Suppose I sit down with you, my client, and ask you why folks do business with you. You’ll probably swear to me that the reason is because “we’ve been family owned and operated for 25 years,” or “it’s our superior service,” or “we provide exceptional value.” But, actually, the truth lies hidden beneath these clichés.
Self disclosure occurs incrementally – the ability to disclose more about yourself increases over time, with familiarity. How many times have you simply met someone and immediately spilled your guts? Everything about yourself, your hopes and dreams, your passions? It’s tough to dig deep when you feel the exchange is potentially threatening or hostile – even when the intention is opposite, it can feel like you against them.
I’ve learned that one simple fact hinders the uncovery process: most people are not good at self-disclosure. They are happy to talk endlessly about facts, but not emotions. However, answers like “family-owned,” “superior service” and “exceptional value” don’t generate terribly helpful uncovery information. Don’t get me wrong, it’s nice information. But it’s not the bottom-line food-truth about your business that is going to get your visitors salivating for what you have to offer.
Ears actively tuned to the tiniest nuance of an answer, I’ll persist: “Well what else could it be?” or “Your competitor offers the same thing, is there anything else?”
And here’s what happens next: you start to get defensive. “I’ve been doing this for 20 years, I think I know my business better than you do.” And you are absolutely right. In fact, I’m counting on that. But the more defensive you get, the more you close up, the less likely I am going to be successful uncovering your critical information.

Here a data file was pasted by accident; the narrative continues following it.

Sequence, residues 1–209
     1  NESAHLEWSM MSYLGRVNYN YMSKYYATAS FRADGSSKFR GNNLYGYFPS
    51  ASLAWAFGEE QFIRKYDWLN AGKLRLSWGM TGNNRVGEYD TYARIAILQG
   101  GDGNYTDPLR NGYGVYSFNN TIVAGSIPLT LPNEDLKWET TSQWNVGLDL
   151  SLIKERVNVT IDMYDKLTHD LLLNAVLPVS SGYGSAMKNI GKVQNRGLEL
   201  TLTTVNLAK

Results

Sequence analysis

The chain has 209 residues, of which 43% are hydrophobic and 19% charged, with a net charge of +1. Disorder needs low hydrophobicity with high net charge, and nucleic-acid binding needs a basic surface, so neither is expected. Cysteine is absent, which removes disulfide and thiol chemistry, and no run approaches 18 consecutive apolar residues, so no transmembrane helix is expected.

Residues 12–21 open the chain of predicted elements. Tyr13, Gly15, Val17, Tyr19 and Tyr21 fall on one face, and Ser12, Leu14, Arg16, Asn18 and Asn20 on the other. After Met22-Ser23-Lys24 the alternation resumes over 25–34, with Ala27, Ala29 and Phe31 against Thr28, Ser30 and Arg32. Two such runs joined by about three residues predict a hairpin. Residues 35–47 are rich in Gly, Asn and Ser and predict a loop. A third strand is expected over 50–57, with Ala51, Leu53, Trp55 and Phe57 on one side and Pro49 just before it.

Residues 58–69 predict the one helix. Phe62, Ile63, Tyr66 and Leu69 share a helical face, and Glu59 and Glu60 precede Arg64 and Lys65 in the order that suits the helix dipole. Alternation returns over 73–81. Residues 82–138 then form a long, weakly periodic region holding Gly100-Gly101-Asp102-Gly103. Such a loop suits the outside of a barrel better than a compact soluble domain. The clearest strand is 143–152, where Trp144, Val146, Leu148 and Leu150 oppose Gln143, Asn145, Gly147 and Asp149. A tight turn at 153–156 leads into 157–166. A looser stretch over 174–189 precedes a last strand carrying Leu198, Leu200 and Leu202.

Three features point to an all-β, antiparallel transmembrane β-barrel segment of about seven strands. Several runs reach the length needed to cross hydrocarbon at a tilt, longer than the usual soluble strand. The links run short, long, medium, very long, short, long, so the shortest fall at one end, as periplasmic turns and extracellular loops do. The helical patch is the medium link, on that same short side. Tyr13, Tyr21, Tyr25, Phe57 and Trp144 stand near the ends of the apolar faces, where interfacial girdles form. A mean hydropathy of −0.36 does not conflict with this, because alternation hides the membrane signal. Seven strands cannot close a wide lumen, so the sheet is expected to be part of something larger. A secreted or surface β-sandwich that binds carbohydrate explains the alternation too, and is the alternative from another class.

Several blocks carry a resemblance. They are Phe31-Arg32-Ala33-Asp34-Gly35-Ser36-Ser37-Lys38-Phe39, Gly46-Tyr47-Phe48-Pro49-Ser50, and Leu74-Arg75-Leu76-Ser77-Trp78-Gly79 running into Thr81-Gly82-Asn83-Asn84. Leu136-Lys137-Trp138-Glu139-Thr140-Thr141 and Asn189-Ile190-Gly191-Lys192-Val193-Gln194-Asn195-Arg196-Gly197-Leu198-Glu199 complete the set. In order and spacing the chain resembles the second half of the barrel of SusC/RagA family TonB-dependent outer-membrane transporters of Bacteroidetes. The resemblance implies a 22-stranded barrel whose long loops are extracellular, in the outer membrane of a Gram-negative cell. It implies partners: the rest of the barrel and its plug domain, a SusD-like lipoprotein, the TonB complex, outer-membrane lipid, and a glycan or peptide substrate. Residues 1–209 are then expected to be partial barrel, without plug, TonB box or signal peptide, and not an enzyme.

It’s a sensitive process. The experience of uncovery walks a fine line between being encouraging, yet challenging your belief about how others see you or your business.
“It is a delicate issue when we suggest to people who are bone honest, that the reality of how and what they are, may not be exactly as they see it. As in all things, truth and honesty are the strongly held private perceptions of the holder him or her self. They are not necessarily ‘the truth’ and at the same time, they are not ‘lies’.”1
But uncovery is about getting to the truth. So instead of asking questions that can make you uncomfortable – like “What is your unique value proposition?” – we ask open-ended questions, questions for which there are no right or wrong answers.
The brilliant thing about this technique is that these questions will encourage you to tell me stories. And when you tell a story, you are able to enter the world of emotion. When you tell a story, you unconsciously provide insights into your passions. When you tell a story, you can self-disclose without fear of providing a wrong answer.